However, in the case of the big-headed careerists, I have to side with the agent. They're the ones being solicited, and if they're going to go through all the trouble of posting requirements somewhere, it is the writer's job to pay damn good attention and get the address lines right. There are simply too many people out there thinking they're ready to move on to that professional phase of writing, when in fact they're clogging up the drain-pipe and making it difficult for the rest of us. Think how big the chip would be on YOUR shoulder if you opened query after query and found unforgivable results in each one- everything from the name of the agent to the grammar in the first paragraph of the sample. And Miss Snark is lenient enough to look past a lot of the rubbish in the first few pages that most agents' assistants would gloat over and toss!

I'm speaking as a will-be novelist whose agent has his manuscript at several large houses. My agent has forwarded me some of what typically hoses his inbox, just to give me a taste of the powerful agent life. Ha! If I'd spent all my time writing sloppy prose in a vacuum and squibbling over how agents should be addressed, this bird would have never gotten off the ground.

Christine said...

Yeah, as someone who's read things in a slush pile, I have to agree with Miss Snark. I think I'd have to have my eyeballs sterilized at the end of every day if I had her job.

Just read the guidelines, follow them, and get on with your life. Now, we've all done something dumb in sending out queries, like not fixing the part about what's in the envelope before we print it, or putting the wrong zip code on the agent's address at the top of the letter. But, try, try to get it right most of the time. It's not that hard.

Anonymous said...

Especially because writers are supposed to be people who obsess over detail.

Anonymous said...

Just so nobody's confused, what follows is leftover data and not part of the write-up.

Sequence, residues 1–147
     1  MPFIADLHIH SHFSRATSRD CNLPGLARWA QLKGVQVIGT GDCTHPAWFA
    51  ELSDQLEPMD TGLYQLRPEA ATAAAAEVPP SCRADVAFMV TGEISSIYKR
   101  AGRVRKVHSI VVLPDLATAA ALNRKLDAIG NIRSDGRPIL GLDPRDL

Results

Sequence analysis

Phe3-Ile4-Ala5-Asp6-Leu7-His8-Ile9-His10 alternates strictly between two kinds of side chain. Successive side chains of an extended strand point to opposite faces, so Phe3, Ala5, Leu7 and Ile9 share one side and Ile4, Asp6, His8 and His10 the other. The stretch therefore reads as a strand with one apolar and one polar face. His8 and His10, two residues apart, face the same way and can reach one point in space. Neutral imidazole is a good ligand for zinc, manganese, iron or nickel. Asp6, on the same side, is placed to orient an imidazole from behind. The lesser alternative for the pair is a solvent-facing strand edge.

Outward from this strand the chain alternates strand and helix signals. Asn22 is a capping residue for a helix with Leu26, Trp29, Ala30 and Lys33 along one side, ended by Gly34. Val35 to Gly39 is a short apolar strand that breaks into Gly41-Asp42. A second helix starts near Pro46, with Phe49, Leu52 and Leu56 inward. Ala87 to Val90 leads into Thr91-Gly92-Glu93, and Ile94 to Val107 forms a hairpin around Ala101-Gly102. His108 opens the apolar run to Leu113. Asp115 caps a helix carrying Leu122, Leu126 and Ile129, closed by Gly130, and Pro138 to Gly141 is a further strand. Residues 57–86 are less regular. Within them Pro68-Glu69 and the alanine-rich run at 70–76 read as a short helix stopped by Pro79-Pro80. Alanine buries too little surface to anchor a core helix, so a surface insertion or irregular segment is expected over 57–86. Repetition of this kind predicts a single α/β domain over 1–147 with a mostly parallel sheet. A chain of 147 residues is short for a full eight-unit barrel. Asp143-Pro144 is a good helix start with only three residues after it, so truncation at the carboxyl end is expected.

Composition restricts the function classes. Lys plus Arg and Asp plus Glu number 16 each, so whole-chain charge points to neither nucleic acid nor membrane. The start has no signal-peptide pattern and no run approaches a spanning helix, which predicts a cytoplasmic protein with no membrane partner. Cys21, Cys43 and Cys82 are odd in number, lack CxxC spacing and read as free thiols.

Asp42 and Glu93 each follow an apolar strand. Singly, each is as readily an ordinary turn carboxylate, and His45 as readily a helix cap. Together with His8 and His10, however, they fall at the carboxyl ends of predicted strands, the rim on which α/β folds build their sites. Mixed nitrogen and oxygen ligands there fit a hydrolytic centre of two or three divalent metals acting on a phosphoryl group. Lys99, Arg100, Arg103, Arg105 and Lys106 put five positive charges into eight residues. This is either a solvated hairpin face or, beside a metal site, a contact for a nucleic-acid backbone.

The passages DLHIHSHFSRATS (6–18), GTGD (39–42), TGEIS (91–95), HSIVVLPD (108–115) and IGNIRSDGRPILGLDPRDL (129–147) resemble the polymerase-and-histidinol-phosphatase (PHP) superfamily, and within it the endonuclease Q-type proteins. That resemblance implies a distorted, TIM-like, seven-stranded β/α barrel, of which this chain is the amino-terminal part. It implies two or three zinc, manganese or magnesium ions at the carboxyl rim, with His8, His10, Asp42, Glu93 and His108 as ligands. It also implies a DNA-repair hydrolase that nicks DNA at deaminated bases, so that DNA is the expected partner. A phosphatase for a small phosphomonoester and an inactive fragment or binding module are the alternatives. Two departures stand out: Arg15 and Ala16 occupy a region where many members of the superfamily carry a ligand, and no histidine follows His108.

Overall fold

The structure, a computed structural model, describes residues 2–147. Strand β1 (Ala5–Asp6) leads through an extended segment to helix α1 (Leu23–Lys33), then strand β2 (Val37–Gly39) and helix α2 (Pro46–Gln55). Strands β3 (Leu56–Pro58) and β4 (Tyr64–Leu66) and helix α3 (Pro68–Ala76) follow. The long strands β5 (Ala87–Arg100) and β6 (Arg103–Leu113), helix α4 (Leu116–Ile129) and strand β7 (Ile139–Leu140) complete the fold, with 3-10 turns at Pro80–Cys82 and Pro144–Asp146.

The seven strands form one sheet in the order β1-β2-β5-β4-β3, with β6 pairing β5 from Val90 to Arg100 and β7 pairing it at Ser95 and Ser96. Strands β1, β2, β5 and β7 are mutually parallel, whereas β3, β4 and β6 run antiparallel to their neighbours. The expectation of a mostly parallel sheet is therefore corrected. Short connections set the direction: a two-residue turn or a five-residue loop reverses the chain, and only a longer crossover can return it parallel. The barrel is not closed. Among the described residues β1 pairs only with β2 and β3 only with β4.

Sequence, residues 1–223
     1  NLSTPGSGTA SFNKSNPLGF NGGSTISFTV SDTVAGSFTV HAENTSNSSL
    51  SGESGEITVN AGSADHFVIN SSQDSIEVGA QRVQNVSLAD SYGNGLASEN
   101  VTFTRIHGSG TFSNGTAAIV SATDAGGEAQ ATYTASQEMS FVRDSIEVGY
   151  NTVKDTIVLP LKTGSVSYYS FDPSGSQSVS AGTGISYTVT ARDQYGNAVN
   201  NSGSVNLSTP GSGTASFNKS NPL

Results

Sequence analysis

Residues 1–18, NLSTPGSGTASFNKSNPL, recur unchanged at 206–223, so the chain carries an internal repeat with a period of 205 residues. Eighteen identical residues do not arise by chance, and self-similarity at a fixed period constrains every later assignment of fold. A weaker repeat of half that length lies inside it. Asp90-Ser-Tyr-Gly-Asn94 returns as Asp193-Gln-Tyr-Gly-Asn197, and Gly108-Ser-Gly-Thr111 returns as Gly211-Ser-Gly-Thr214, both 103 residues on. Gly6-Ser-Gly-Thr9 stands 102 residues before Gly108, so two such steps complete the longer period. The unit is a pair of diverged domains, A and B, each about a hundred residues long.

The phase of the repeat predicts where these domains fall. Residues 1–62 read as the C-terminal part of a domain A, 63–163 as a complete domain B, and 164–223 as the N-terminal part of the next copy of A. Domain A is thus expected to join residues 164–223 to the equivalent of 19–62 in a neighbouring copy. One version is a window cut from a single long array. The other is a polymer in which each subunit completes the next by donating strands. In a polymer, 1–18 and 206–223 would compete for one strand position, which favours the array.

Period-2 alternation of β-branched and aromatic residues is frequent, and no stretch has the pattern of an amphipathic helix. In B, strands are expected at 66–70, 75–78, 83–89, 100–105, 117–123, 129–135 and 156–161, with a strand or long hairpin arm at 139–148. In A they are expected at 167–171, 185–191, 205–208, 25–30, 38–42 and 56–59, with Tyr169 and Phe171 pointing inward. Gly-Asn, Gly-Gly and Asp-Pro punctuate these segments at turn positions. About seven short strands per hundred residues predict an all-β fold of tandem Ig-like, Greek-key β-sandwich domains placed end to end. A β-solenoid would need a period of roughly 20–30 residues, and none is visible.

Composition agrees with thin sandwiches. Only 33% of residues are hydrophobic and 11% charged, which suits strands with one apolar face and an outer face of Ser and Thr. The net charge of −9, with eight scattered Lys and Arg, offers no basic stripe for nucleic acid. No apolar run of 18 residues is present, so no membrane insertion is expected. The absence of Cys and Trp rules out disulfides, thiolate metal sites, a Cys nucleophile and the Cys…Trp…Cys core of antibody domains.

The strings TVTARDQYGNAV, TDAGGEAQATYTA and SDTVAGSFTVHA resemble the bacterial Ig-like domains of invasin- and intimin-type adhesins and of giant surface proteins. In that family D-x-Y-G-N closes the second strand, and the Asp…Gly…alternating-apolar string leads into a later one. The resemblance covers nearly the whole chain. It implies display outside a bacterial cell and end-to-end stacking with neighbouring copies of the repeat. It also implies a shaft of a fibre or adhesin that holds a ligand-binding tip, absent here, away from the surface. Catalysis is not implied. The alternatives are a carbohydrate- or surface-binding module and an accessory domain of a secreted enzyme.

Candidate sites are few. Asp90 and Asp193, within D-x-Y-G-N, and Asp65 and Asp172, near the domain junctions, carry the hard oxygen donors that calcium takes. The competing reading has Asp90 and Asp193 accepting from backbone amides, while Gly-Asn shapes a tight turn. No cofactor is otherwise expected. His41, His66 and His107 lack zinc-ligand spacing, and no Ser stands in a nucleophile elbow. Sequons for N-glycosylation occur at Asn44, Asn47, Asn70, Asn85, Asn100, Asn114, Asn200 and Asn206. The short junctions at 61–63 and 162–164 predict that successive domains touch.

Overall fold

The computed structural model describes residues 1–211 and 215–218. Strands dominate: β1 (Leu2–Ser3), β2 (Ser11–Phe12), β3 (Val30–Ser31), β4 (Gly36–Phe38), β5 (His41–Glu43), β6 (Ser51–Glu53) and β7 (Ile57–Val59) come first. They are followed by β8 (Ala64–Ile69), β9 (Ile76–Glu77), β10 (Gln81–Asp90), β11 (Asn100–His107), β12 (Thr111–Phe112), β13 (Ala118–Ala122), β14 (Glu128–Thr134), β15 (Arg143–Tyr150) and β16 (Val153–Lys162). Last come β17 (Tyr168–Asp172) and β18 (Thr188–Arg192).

My agent has forwarded me some of what typically hoses his inbox, just to give me a taste of the powerful agent life.

Miss Snark, please tell me this isn't normal practice.

Sorry, Anonymous, but your agent sends you samples from his slush pile? That's insane. Unprofessional, IMO.

Anonymous said...

Unprofessional, maybe, but neither of us could resist my curiosity.

The insanity starts and ends with what would-be writers qualify as a "query letter"- two page bios listing, alphabetically, every last online, homegrown website where their stories have been published? Ten page samples- that being just the prologue? Greasy familiarity with details which have nothing to do with publishing and which indicate hours spent tracing my agent on Google? Quite an education!

Miss Snark said...

It does reek of in-girl crowd at boarding school cruelty doesn't it? I guess I'd rather blog than xerox copies of bad query letters and mail them to clients. I'd also rather my clients were busily writing income producing work rather than being my built in audience.

The other thing is so many queriers, even, or perhaps especially, the worst, are not stupid. They just don't know. There's an element of cruelty in using their work for your amusement. That said, there are walls of this kind of stuff in every publisher's office.

As bad behaviour goes, it's not the worst we've seen described here on the blog.